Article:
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Westward Expansion and Regional Differenc10

Westward Expansion and Regional Differenc10 - An economic...

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Westward Expansion and Regional Differences Nation, slavery grow in new frontier WHIGS, DEMOCRATS, AND KNOW-NOTHINGS Jackson's political opponents, united by little more than a common opposition to him,  eventually coalesced into a common party called the Whigs, a British term signifying  opposition to Jackson’s “monarchial rule.” Although they organized soon after the  election campaign of 1832, it was more than a decade before they reconciled their  differences and were able to draw up a platform. Largely through the magnetism of  Henry Clay and Daniel Webster, the Whigs' most brilliant statesmen, the party solidified  its membership. But in the 1836 election, the Whigs were still too divided to unite behind  a single man.  New York's Martin Van Buren, Jackson's vice president, won the contest.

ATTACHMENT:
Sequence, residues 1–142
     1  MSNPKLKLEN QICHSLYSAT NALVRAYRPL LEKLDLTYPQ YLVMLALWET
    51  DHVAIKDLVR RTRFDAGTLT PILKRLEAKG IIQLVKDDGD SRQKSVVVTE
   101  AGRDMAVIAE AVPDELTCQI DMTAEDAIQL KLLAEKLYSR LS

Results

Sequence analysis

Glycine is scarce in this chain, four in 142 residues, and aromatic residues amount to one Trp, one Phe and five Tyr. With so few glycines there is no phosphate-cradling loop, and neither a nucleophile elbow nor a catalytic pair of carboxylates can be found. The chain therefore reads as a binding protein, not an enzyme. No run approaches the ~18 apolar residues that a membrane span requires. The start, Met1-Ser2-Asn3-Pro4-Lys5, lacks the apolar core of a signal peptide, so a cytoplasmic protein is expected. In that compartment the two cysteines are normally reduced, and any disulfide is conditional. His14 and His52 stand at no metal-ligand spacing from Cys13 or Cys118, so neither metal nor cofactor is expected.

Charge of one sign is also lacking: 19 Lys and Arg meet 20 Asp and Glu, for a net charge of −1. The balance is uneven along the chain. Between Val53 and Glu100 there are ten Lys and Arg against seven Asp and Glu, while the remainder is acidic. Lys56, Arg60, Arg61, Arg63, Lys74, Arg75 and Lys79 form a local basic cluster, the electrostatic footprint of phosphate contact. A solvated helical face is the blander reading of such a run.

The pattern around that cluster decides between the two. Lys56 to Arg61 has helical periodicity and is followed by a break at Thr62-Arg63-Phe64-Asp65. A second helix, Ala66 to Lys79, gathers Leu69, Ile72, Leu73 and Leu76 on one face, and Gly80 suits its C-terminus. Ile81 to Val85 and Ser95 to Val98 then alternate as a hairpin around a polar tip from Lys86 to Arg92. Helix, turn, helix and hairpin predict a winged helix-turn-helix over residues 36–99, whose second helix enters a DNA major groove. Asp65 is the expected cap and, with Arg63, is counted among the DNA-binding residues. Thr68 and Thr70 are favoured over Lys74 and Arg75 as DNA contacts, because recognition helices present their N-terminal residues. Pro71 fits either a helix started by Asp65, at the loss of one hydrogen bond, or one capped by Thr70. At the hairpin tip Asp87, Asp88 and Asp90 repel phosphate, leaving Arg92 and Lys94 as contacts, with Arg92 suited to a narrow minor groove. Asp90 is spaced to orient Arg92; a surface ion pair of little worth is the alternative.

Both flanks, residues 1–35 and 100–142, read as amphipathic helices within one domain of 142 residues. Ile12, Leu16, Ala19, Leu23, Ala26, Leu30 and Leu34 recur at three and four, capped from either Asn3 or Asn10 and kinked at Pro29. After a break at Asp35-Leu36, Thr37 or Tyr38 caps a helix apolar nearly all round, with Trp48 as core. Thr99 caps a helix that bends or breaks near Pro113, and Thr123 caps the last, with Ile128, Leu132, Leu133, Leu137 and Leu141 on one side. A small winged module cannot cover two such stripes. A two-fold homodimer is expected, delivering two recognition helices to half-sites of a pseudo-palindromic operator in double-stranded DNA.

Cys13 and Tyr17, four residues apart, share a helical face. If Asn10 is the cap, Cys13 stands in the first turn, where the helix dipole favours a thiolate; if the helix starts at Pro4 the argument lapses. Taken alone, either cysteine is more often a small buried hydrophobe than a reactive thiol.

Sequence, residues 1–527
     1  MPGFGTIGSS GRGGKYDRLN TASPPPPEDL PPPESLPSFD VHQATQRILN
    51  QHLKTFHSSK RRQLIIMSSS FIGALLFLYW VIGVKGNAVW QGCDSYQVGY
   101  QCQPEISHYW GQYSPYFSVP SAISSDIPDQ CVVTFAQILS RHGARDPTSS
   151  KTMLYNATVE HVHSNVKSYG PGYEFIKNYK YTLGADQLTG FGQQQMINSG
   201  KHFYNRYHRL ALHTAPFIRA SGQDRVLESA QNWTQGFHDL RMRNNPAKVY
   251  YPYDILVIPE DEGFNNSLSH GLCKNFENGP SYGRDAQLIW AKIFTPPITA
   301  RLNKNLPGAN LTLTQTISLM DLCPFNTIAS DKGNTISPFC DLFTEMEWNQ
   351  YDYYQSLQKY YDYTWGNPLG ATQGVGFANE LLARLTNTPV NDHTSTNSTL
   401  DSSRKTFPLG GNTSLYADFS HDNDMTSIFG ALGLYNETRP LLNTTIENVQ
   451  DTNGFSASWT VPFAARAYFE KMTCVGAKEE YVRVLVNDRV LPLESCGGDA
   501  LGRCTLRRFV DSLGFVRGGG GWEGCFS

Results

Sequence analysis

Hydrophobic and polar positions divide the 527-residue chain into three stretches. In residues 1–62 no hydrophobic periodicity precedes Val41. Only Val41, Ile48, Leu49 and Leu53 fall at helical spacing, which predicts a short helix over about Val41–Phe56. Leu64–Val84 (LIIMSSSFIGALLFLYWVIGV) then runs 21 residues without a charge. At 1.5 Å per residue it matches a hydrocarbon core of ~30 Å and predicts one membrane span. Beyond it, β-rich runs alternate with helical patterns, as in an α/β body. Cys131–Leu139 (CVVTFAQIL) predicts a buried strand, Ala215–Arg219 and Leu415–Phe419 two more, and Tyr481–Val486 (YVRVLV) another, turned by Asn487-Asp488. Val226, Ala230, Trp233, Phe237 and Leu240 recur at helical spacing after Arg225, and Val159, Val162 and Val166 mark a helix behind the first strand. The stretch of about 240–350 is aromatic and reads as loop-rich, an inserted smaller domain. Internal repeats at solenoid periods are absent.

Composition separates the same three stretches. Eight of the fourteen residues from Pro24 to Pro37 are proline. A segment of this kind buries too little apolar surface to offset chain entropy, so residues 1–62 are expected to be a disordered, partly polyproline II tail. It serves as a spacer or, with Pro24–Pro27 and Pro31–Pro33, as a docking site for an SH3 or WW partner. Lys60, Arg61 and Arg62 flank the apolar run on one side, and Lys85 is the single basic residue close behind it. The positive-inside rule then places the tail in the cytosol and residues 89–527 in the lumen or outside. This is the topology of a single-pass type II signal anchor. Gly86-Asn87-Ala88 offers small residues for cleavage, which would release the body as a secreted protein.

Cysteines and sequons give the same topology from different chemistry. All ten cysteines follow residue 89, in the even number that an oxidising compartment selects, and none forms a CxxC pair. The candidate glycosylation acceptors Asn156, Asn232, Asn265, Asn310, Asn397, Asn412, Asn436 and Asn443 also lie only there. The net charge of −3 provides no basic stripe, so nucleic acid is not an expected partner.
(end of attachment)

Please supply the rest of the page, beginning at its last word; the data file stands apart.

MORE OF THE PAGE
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Unformatted text preview: An economic depression and the larger-than-life personality of his predecessor obscured Van Buren's merits. His public acts aroused no enthusiasm, for he lacked the compelling qualities of leadership and the dramatic flair that had attended Jackson's every move. The election of 1840 found the country afflicted with hard times and low wages – and the Democrats on the defensive. The Whig candidate for president was William Henry Harrison of Ohio, vastly popular as a hero of conflicts with Native Americans and the War of 1812. He was promoted, like Jackson, as a representative of the democratic West. His vice presidential candidate was John Tyler – a Virginian whose views on states' rights and a low tariff were popular in the South. Harrison won a sweeping victory....
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